Becks

Plarn Bedrolls for the Homeless

36 posts in this topic

I was googling around today for a Halloween costume.

This lead me to the bagmonster. (An outfit made entirely out of used plastic bags).

And that lead me to a story about a group of crocheters making plastic bag bedrolls for homeless people.

Plarn Bedrolls

 

It says she uses a size N hook and single crochets them using 500 bags for one bedroll. Each mat is 32 inches by six feet.

 

I already know how to make plarn and have even made a tutorial here.

 

It says it takes a month to make one bedroll. Wow! That's a lot of time and devotion!

 

Has anyone here done this? What are they like? Is it worth the time and effort? Is there anyone in the Indianapolis area doing something like this?

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I'd be interested in helping out with that, too.

 

In the article it said that they cut the bags into 2-inch strips, and that they wear gloves when crocheting, because the plarn cuts their hands? I cut my plarn strips 1/2 to 3/4 inch wide, and haven't found the edges cutty at all! Has anyone else had issues with plarn cutting their hands? I open my strips, and run them in a loop through my thumb and fingers to krinkle them before I add them to my spool, because I've found it makes the end result softer, and makes the individual loops less likely to stretch. Is that why I'm not having cutting issues?

Edited by propchick
"Were" and "wear" are two different words!

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Wow! Those are great tips! :clap

 

I don't remember the plarn cutting my hands but I do remember my hand getting very sore because the bags would sort of 'snag' or 'cling' to the plastic hook and it took more effort than, say, if it were just regular yarn, to crochet the thing.

 

Plus 500 bags is an awful lot of bags. I'd take over a month just to collect the bags.

 

The bedroll ought to be worth the effort because I'd totally make them too.

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Try a metal hook. I used my metal Boye (the Susan Bates kept catching and stretching), and my crinkle-plarn flew right through! I made a water-bottle carrier with a shoulder strap, and barely put a dent in my plarn spool. I carried around a full bottle of Powerade Zero in the blazing heat the other day (I was at Epcot, so I was mostly outside in the sun), and while it did stretch slightly, it didn't have any problems at all with my 1/2 inch strips.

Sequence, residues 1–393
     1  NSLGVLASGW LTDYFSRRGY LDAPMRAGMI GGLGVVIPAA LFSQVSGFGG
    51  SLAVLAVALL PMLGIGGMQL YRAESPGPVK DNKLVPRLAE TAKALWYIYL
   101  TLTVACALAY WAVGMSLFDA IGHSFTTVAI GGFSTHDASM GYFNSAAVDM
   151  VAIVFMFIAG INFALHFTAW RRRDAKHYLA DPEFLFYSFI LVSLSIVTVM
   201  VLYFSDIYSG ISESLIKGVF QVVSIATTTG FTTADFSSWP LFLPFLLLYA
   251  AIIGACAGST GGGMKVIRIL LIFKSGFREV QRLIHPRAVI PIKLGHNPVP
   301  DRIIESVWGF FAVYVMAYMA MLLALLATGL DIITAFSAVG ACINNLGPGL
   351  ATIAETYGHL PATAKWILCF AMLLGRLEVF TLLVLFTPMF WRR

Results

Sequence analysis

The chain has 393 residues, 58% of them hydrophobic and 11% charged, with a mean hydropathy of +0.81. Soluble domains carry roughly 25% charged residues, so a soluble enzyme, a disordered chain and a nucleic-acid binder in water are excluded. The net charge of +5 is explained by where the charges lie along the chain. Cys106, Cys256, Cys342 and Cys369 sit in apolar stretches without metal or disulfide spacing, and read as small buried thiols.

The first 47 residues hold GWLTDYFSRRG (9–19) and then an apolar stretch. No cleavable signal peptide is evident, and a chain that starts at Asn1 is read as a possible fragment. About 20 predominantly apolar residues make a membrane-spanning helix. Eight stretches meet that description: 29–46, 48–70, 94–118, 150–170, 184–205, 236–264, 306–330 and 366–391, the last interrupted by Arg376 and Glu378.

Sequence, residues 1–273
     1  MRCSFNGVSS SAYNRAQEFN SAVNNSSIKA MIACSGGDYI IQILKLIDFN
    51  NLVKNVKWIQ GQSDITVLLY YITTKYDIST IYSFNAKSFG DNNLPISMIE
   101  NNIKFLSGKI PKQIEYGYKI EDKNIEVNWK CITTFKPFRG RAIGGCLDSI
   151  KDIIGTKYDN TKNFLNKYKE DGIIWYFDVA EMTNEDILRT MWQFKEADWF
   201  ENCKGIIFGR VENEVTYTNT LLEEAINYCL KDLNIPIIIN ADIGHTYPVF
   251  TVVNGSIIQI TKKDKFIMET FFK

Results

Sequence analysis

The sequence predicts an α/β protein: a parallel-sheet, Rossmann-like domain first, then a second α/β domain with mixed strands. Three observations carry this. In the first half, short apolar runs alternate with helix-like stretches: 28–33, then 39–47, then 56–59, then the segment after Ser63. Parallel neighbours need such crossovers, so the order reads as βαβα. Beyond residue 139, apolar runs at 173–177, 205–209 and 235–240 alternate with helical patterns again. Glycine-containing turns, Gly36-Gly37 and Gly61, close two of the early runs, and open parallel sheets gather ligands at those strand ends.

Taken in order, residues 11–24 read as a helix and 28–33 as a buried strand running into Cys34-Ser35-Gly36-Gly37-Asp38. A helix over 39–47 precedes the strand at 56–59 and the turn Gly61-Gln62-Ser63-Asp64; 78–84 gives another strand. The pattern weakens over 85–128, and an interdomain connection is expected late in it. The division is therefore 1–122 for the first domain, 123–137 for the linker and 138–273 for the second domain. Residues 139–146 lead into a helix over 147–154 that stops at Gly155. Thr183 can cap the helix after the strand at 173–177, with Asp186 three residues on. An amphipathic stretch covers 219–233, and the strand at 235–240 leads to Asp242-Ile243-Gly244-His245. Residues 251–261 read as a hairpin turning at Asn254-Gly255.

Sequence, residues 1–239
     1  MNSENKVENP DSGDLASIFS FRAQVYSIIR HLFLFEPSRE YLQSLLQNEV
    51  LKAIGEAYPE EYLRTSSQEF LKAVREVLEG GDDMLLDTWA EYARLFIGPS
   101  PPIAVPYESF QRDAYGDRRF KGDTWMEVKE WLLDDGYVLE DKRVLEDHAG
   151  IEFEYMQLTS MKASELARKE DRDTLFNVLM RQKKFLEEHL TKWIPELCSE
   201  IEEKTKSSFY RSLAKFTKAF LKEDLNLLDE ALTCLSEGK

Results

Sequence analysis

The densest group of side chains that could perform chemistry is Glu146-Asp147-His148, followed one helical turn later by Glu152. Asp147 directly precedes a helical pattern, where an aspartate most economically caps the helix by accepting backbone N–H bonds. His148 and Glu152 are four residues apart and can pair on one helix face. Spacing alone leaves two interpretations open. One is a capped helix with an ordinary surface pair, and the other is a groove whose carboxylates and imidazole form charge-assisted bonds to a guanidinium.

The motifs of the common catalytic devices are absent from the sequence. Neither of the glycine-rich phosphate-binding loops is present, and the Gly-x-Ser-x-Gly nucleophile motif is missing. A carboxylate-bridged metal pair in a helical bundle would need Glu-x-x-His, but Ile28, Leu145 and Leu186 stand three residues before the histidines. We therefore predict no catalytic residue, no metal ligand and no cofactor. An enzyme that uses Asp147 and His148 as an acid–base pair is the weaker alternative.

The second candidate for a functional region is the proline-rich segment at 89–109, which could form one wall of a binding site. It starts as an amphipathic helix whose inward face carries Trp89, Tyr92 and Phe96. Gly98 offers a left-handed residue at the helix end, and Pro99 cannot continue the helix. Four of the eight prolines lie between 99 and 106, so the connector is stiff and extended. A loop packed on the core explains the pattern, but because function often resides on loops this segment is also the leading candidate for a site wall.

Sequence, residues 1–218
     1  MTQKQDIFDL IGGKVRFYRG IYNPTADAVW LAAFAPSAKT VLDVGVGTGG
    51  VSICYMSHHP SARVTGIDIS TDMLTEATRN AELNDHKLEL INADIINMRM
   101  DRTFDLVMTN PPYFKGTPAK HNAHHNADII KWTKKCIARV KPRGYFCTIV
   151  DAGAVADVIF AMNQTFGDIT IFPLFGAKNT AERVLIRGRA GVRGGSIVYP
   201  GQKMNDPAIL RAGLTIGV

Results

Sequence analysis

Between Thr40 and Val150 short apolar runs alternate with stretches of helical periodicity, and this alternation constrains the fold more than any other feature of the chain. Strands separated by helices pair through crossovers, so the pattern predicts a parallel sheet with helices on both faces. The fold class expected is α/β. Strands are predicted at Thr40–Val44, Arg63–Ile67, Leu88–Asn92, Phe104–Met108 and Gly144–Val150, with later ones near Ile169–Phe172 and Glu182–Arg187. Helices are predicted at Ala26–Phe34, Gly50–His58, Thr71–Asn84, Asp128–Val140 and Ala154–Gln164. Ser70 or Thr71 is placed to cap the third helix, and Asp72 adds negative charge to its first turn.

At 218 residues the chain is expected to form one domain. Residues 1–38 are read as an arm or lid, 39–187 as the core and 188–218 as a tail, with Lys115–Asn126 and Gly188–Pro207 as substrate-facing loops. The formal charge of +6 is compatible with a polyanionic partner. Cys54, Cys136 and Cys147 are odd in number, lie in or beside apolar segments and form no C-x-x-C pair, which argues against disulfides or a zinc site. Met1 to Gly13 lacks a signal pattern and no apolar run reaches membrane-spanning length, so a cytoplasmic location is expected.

The crinkling is the key! Nobody believes my water bottle carrier is plarn until they actually pick it up, because the crinkle-plarn comes out so soft. Just open up the loop, pinch your fingers around it LOOSELY, and pull the whole loop through a time or two. Only takes an extra couple of seconds to do, but it makes a huge difference!!

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I used a plastic P sized hook for my bag.

The article says they use size N hooks and I've never seen a hook that large in anything but plastic. I haven't even seen a wooden one in that size either.

 

I wonder if sprinkling baby powder on a plastic hook would help.

 

A smaller hook would probably take even longer to make a whole bedroll, wouldn't it? Of course, if it's not catching it would go faster though.

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Boye makes a 9mm N, and Susan Bates makes a 10mm N15. My plastic P (sorry, it's unmarked, but it's the white one that comes in a set with a giant blue Q size -- maybe Lion?) is also a 10mm. The N and P hooks are all over the map, size-wise. My P plastic hook seems to be useless for just about everything. I'm much happier with the metal, although the Susan Bates is quite heavy, and a little hard to hold.

 

Can't tell you exactly which store, but all of my hooks are from WalMart, JoAnn, or Michaels.